Friday, March 1, 2013

Ariel's Grotto and Berk's Cove, Part Two: Closet Drama within How to Train Your Dragon

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Our last blog post analyzed the Little Mermaid as closet drama, or as a work where characters hid a taboo side of themselves from the outside world.

The Little Mermaid, for all its fantastic music and interpretation of the female in the closet, was not a perfect movie. The Nostalgia Chick in her video review made the following legitimate criticisms:

1) Ariel gets what she wants and doesn't change at the end, at least not majorly enough to merit viewers' notice.

2) Ariel's desire is selfish because obtaining it hurts her family and endangers the entire sea. I have argued that her desire was to attain a truer form, but the desire was selfish regardless.

3) Her father is extremely sympathetic despite conflicting with Ariel, and has genuine reason to fear for her wanting to become human.

With these criticisms in mind, let us also consider the following: Dreamworks sustained a tradition of asking, "What if characters get what they want but then realize that they don't want it?" This tradition started with Shrek and continued with Over the HedgeFlushed Away, Megamind, and Monsters Vs. Aliens where heroes went on a journey to obtain a MacGuffin and then throw it away in favor of a new treasure, usually a love interest. Sometimes this tradition worked, and sometimes it didn't; one only has to look at the more predictable films to ask, "What was the point of the journey if they were going to throw away the MacGuffin anyway?" This would lead to a frustrated viewer to never watch the movie again or enjoy it.

How to Train Your Dragon addresses all of the above points with finesse, fantastic music, and effective characterization.

A Changed Viking
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Let us consider our main character Hiccup first, and his desires. In a world of brawny Vikings, Hiccup as a runt and a chief's son only wants to shoot down a dragon to please his father, become a hero, and get a girlfriend like Astrid, the local badass teen.

Let's admit, Hiccup's desire to shoot down a dragon is selfish and understandable at the same time, which is what makes him incredibly human. First, his dad thinks he's a disappointment and an embarrassment because Hiccup is small and brainy instead of big and brawny. Dad has a point when Hiccup can't  defend himself from dragons, pretends to swagger with muscles, and messes up the village defenses, but we also see that he has potential when his invention works and no one appreciates his genius. Also, he's so darn sarcastic and intelligent that this writer cannot help but fall for him. In fact, when watching the movie, I first wondered if he would become a mechanic in the war and let the machines do the work for him.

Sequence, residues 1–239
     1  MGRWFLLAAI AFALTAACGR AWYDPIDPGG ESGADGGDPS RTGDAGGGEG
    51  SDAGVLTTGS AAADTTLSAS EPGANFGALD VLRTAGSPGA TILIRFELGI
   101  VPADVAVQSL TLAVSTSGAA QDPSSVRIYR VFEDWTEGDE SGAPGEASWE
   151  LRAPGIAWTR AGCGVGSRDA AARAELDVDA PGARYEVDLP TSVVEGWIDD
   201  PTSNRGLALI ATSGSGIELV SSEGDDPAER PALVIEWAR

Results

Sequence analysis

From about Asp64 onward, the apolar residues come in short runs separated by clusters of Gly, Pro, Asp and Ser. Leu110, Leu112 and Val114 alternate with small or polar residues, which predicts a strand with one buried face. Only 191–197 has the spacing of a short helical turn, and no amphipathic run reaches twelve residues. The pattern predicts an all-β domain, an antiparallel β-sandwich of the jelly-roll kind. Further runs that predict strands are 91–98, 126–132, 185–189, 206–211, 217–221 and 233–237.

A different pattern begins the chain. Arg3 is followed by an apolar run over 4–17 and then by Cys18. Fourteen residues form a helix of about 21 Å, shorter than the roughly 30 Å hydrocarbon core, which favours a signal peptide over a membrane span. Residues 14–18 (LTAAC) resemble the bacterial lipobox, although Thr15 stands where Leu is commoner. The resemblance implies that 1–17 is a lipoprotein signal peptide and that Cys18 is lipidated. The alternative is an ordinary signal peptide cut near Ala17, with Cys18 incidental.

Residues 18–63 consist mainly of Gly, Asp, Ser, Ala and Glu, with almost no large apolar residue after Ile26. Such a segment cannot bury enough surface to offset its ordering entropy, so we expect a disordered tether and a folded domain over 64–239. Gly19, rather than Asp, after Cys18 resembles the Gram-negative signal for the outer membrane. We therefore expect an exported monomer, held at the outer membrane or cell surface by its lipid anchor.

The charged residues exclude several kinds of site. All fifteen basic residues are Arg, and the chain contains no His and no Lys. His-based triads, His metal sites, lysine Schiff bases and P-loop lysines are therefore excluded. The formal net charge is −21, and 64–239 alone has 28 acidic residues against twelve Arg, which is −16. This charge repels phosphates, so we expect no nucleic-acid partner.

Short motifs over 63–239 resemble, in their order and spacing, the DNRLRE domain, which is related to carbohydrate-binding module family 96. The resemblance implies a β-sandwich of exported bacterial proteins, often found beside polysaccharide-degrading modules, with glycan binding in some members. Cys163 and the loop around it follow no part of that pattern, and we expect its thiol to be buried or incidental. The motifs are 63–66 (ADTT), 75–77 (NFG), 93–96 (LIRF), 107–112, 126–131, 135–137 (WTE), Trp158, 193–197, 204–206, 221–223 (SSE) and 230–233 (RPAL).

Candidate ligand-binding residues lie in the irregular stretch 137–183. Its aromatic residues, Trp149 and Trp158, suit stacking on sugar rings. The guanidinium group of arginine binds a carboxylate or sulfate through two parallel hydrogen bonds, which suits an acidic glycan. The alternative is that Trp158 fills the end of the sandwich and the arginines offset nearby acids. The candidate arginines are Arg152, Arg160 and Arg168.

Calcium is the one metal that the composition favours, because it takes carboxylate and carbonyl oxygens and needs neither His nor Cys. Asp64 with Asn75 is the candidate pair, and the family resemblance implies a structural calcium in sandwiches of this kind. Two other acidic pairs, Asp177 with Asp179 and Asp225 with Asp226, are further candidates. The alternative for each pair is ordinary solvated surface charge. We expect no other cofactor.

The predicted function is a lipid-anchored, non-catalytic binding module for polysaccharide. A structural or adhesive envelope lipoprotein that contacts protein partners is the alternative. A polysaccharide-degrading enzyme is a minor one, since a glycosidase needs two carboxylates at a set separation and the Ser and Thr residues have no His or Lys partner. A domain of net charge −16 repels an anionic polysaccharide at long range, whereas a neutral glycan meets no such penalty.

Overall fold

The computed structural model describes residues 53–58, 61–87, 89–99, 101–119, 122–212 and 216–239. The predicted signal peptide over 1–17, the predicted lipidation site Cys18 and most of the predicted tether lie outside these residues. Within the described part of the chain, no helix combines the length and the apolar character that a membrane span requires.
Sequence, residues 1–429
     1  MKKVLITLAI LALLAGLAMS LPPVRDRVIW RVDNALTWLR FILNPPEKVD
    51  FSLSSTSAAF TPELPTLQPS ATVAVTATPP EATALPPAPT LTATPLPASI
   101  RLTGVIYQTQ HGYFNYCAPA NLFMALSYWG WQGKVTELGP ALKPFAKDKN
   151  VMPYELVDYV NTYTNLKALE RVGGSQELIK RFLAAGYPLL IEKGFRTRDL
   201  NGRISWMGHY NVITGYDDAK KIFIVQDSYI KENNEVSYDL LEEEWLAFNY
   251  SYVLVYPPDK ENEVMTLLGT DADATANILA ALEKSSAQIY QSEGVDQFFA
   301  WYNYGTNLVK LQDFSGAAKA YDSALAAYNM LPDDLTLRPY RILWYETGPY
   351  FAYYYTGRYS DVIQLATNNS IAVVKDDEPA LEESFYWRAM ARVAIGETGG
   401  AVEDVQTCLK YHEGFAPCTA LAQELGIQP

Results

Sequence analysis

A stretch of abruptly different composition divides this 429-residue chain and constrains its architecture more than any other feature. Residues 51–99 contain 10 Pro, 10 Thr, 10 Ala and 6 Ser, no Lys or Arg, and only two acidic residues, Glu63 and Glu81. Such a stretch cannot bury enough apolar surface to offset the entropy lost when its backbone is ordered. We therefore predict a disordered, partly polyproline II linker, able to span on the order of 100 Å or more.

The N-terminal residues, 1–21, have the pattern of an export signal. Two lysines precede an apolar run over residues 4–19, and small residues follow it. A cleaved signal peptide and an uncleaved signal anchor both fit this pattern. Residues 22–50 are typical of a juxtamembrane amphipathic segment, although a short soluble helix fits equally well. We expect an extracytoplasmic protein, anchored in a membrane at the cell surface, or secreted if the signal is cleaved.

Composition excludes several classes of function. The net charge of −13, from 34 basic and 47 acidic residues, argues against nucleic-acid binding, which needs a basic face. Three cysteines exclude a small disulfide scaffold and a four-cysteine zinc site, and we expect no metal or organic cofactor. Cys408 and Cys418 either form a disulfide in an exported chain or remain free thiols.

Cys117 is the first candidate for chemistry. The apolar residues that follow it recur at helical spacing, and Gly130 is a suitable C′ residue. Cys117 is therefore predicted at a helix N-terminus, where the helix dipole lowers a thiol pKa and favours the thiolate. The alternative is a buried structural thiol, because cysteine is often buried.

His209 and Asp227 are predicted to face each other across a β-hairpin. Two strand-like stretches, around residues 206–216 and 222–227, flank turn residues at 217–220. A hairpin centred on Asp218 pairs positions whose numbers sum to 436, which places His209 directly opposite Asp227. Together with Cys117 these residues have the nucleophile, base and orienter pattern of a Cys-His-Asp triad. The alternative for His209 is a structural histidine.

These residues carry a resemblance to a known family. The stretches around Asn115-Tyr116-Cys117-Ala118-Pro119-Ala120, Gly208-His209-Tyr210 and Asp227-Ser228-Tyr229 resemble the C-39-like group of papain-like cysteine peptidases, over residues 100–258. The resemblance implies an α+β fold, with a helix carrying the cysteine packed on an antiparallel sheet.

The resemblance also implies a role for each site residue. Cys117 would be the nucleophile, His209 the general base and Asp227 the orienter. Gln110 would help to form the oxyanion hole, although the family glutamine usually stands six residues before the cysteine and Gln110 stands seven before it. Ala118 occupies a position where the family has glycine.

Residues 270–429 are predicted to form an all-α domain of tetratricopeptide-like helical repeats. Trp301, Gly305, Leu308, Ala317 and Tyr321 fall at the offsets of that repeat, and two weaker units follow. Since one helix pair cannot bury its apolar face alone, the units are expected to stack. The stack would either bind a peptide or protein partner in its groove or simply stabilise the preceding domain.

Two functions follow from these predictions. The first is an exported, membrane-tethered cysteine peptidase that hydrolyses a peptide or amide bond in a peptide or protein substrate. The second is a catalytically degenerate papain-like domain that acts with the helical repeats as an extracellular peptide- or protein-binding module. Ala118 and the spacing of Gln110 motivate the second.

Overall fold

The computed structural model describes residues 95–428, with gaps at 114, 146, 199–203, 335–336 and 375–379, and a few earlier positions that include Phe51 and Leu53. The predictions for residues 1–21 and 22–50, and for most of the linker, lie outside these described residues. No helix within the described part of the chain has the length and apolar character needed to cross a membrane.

Then Hiccup's desire for glory and patriarchal approval dies. Not in the third act, when desire usually perishes, and not even in the second act. No, it happens in the first act, twenty minutes into the movie after taking time to ground the viewer in this barbarian setting. Hiccup finally shoots down a dragon but realizes that he cannot kill the yellow-eyed Night Fury. Then he sets it free and risks his life, but the Night Fury does not kill him in turn. Hiccup realizes then he doesn't want to kill dragons, even if he will never become a Viking. Much of the second act is Hiccup figuring out what he wants instead, and the filmmakers give him time to ponder the matter. Since watching a character think or monologue is boring, they use fast-paced dragon training and his eventual bonding with the Night Fury to help him think things through.